Gethin Anthony Loves A Good Costume, So Long As They're Not Flare Trousers

26 October 2015 | 10:22 am | Kane Sutton

"I'd just been doing a play in London that was '60s, '70s and they kept putting me in flare trousers and I kept complaining."

At the time of Gethin Anthony's character Renly Baratheon's untimely death midway through Game Of Thrones season two (come on, if you haven't watched it by now, you obviously don't care), the series was averaging close to four million US viewers per episode and thriving. It propelled Anthony into the spotlight and when the opportunity came to star as US criminal and cult leader Charles Manson in new TV series Aquarius, he jumped at the chance, although he was admittedly taken aback. "I got sent a script and my wonderful representatives were like, 'I think you're gonna like this!' I was doing theatre in London and I was on my way to rehearsals and I kind of read the script on the train and then was like, 'Oh, whoa, I need to read this properly!'" He laughs. "I got home and read it again and I was just really struck by it. I kind of thought, 'Who's going to be stupid enough to try and play Charles Manson?'"

"I kind of thought, 'Who's going to be stupid enough to try and play Charles Manson?'"

While plenty has been documented about Manson around the time and after he and the members of his "family" were convicted of several chilling murders, Aquarius takes place prior to the spree, focusing on Sam Hodiak (David Duchovny), a homicide detective who goes undercover to track Manson and the "family". As such, Anthony, who wasn't born until close to two decades later, was given plenty of homework. "The basics were there — biographies I could read, which I did — especially stuff about his life before 1967; where he grew up, what his relationships were like with people, that was really important. Then there was the side of it — watching videotapes of him, but more specifically listening to his voice from around the time the show was taking place; there's a studio recording of him speaking to the studio engineer, and that was really helpful to try and help find a dialect for our version of him."

While Manson stands out for his disturbed-yet-fascinating nature, the abundance of research Anthony had to undertake helped him come to terms with how Manson came to be so influential to his eventual "family" members, which went a long way towards being able to tap into his character. "By [Manson's] own testimony he said he read the book How To Make Friends & Influence People, and that he listened to pimps in prison about how they managed to get people to do what they wanted them to do, that was in a sense his experience; he listened to these people. Similarly, him talking about not being a physically imposing person in prison, I think he calls it 'creating a crazy persona' in order to get through certain situations. You add all these things together, it helps as an actor to understand the character. And there's simply the fact that he was surrounded by young, impressionable people in the middle of the most liberated youthful culture that had ever been at that point, so you put those things together and what happens later, as we all know, is extraordinarily tragic. To investigate it was a challenge, but I'm on my way to understanding it."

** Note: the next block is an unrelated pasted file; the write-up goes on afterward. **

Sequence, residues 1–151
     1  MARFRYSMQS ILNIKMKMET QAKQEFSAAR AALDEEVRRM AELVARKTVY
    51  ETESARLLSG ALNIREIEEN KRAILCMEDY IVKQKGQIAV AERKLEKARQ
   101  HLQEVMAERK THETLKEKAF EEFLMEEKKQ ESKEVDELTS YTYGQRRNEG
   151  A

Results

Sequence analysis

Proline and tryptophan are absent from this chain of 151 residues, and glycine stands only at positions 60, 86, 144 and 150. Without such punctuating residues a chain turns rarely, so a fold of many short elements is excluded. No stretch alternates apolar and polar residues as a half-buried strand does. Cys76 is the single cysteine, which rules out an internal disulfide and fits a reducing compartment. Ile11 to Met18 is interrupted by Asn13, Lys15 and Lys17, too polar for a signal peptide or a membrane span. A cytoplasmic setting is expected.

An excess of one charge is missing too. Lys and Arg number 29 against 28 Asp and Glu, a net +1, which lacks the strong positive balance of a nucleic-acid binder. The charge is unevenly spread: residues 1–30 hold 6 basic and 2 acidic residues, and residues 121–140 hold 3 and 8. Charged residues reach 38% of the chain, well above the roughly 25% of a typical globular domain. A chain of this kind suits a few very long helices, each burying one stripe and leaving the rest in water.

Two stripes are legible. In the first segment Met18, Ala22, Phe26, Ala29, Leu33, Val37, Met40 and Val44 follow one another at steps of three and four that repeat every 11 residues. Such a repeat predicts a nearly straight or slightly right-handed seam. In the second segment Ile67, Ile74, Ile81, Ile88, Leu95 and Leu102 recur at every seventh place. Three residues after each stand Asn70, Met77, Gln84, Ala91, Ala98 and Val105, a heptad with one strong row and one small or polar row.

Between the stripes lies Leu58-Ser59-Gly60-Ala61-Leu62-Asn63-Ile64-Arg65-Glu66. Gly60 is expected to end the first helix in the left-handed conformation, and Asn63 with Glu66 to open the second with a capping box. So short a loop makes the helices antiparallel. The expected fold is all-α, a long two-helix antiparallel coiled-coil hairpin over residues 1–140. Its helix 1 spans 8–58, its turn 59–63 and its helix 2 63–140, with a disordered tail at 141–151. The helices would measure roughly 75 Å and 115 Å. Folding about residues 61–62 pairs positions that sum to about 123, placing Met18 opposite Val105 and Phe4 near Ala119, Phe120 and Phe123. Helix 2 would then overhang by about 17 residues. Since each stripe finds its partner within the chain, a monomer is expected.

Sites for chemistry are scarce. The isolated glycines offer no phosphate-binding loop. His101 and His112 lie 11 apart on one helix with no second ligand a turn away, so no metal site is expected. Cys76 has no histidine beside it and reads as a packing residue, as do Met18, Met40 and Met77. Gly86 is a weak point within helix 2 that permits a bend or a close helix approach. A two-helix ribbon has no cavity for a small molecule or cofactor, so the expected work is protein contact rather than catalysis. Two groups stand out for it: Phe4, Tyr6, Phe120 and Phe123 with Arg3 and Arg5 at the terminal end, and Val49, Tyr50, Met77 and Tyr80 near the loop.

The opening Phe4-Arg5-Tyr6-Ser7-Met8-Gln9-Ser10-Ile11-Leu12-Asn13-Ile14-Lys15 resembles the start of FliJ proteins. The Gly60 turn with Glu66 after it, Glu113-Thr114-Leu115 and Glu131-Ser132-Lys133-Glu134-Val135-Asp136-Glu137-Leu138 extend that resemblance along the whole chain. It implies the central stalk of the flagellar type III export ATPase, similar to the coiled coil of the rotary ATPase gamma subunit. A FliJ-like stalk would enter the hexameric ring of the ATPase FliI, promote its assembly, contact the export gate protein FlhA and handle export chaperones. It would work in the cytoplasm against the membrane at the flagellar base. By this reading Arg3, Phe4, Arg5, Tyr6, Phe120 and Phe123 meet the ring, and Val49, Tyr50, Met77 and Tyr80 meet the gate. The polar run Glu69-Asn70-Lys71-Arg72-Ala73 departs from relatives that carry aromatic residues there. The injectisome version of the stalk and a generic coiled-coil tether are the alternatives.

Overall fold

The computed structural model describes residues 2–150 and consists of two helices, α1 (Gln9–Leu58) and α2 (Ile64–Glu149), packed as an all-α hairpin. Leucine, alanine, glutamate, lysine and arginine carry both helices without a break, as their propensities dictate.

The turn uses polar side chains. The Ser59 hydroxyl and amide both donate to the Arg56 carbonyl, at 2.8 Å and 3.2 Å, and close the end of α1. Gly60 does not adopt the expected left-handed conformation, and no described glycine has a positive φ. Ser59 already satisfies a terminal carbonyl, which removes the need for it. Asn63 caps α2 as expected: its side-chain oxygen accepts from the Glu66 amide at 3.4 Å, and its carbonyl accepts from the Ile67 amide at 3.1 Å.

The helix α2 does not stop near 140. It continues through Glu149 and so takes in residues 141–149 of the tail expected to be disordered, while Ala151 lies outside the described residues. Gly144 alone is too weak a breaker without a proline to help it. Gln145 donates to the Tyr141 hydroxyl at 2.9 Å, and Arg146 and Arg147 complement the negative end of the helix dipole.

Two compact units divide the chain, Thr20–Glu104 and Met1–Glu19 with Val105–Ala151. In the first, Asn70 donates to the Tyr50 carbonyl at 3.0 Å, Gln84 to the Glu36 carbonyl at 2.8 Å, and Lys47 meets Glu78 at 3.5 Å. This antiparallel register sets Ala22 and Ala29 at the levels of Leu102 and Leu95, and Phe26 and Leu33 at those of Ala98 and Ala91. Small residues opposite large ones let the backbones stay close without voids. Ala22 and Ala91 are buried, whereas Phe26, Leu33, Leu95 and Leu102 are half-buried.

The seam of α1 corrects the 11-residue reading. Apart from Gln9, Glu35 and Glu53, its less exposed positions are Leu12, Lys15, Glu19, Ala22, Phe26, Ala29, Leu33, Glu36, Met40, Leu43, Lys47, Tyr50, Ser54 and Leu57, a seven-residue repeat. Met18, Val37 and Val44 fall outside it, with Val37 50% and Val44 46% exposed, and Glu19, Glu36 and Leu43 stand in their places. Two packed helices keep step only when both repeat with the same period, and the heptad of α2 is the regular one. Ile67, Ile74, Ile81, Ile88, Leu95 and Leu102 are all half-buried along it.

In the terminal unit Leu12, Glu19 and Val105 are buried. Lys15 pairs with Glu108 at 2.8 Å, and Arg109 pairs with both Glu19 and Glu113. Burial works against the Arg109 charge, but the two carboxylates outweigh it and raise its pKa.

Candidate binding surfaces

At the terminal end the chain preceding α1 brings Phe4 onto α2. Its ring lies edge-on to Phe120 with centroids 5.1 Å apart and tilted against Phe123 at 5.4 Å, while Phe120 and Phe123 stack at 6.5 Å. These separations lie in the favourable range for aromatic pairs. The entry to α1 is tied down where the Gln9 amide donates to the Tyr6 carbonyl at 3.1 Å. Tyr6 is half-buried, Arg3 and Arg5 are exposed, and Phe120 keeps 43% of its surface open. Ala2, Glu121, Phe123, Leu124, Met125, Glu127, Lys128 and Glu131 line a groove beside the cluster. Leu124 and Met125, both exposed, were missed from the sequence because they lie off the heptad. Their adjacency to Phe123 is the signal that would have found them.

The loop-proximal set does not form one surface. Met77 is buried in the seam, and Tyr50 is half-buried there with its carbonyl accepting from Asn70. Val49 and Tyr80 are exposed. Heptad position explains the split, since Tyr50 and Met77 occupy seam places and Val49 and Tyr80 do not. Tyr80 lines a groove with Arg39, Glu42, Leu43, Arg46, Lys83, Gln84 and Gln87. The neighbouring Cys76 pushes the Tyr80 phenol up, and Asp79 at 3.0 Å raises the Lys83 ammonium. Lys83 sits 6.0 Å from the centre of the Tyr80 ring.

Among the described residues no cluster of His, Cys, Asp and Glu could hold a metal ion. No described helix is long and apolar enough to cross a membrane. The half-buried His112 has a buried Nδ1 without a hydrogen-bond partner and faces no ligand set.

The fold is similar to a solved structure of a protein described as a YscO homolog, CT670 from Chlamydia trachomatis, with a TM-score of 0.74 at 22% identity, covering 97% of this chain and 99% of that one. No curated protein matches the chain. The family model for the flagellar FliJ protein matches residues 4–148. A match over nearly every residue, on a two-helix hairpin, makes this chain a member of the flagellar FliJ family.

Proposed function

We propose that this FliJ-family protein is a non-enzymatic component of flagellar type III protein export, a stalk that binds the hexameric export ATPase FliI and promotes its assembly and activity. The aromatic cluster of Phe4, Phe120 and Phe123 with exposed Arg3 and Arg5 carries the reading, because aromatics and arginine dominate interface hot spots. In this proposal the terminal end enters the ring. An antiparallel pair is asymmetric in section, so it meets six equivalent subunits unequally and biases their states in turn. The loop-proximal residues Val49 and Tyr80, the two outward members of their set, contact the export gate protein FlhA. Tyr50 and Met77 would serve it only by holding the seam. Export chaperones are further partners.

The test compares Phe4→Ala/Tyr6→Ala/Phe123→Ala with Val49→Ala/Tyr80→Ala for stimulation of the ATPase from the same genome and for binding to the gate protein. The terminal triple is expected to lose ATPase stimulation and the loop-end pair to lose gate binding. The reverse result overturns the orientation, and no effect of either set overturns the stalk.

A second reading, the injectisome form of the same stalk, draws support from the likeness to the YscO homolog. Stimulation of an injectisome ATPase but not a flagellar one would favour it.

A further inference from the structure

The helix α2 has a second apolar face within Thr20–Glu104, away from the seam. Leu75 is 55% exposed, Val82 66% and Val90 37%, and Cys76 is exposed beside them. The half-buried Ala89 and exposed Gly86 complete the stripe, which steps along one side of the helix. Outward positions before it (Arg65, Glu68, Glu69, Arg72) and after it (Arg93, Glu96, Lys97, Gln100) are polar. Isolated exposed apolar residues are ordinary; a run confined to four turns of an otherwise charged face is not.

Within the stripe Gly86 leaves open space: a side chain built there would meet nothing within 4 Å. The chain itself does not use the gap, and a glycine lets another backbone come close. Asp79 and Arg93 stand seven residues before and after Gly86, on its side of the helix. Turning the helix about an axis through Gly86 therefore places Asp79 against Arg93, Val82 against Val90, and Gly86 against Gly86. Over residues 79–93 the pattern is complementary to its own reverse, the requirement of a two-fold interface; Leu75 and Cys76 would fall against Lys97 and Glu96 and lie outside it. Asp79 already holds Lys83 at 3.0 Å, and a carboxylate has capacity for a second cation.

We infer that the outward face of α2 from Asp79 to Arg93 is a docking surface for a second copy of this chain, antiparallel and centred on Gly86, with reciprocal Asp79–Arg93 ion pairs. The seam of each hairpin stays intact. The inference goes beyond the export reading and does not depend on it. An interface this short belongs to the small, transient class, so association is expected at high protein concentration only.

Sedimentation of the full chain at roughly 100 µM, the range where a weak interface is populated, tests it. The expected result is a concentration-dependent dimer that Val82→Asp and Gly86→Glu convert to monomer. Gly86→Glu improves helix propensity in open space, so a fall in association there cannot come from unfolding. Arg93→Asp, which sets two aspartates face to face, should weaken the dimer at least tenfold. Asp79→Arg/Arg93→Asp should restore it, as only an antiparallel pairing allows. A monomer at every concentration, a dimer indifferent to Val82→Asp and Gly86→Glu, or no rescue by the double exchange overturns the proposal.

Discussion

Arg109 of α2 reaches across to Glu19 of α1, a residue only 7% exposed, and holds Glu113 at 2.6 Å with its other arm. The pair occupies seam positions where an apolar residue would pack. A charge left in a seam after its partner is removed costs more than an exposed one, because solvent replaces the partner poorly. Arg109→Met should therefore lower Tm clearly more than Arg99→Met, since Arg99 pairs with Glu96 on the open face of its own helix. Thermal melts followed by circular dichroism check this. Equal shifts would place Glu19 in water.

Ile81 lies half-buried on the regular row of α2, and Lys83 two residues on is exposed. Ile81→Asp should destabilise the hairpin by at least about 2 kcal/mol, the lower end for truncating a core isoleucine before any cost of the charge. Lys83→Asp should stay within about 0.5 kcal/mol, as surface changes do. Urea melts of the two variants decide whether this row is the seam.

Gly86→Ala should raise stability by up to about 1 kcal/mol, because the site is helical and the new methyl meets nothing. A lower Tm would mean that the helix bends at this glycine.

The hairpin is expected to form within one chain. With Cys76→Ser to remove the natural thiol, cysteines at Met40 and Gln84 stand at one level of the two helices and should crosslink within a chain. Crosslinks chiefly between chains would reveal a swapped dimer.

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"He [Manson] was surrounded by young, impressionable people in the middle of the most liberated youthful culture that had ever been at that point."

As the show is set in the '60s, it was also important to develop the right persona for that time. "It became about, I guess you'd call it reading around the subjects; like watching films from the '60s, listening to music from that place and time, trying to fill my imagination with as much pulpy material to try and put myself in that place. We were sent a homework reading list, the younger members of the cast who weren't necessarily around in the '60s, and that was really helpful. And then there was learning to play guitar, specifically songs he'd created, and trying to connect with that rhythm to see if I could find that connection." Adapting to the sounds and styles of the time wasn't always easy for Anthony though. "I can't stand flare trousers. I'd just been doing a play in London that was '60s, '70s and they kept putting me in flare trousers and I kept complaining about it," he chuckles.

The show, which even goes so far as to tinge the cinematography with a film noir filter for that authentic look, has been praised for its strong grip on the '60s vibe. For Anthony, it's the costumes that he really gets a kick out of. "Us actors, we love a good garment, a good costume, and our costume designer is incredible at sourcing these incredible pieces that feel really authentic. Sometimes they were, like the denim you'd sometimes wear was definitely old — it certainly felt that way. And then there was the music surrounding the series and in the show; we were sent music to listen to and I actually bought a vinyl player so I could listen to it on vinyl, just a small way you can get something from it, you know."

Despite it being quite a heavy task to take on, it's one that Anthony's dedicating most of the rest of the year to. He travels between LA, where the show takes place, to London, where he lives, which helps to clear out his head space. "Obviously while I was [filming], that was all I was getting my head into, but in a weird way it almost helped me move city; I live in London and this project meant being away from friends and family, so I was able to immerse myself in it in LA, and then when I came home it was Christmas. And that was a good way to shake myself off from it: coming home to snow after being in sunny ''60s' LA. Nights around the fireplace at home and at the pub [is] a good outlet."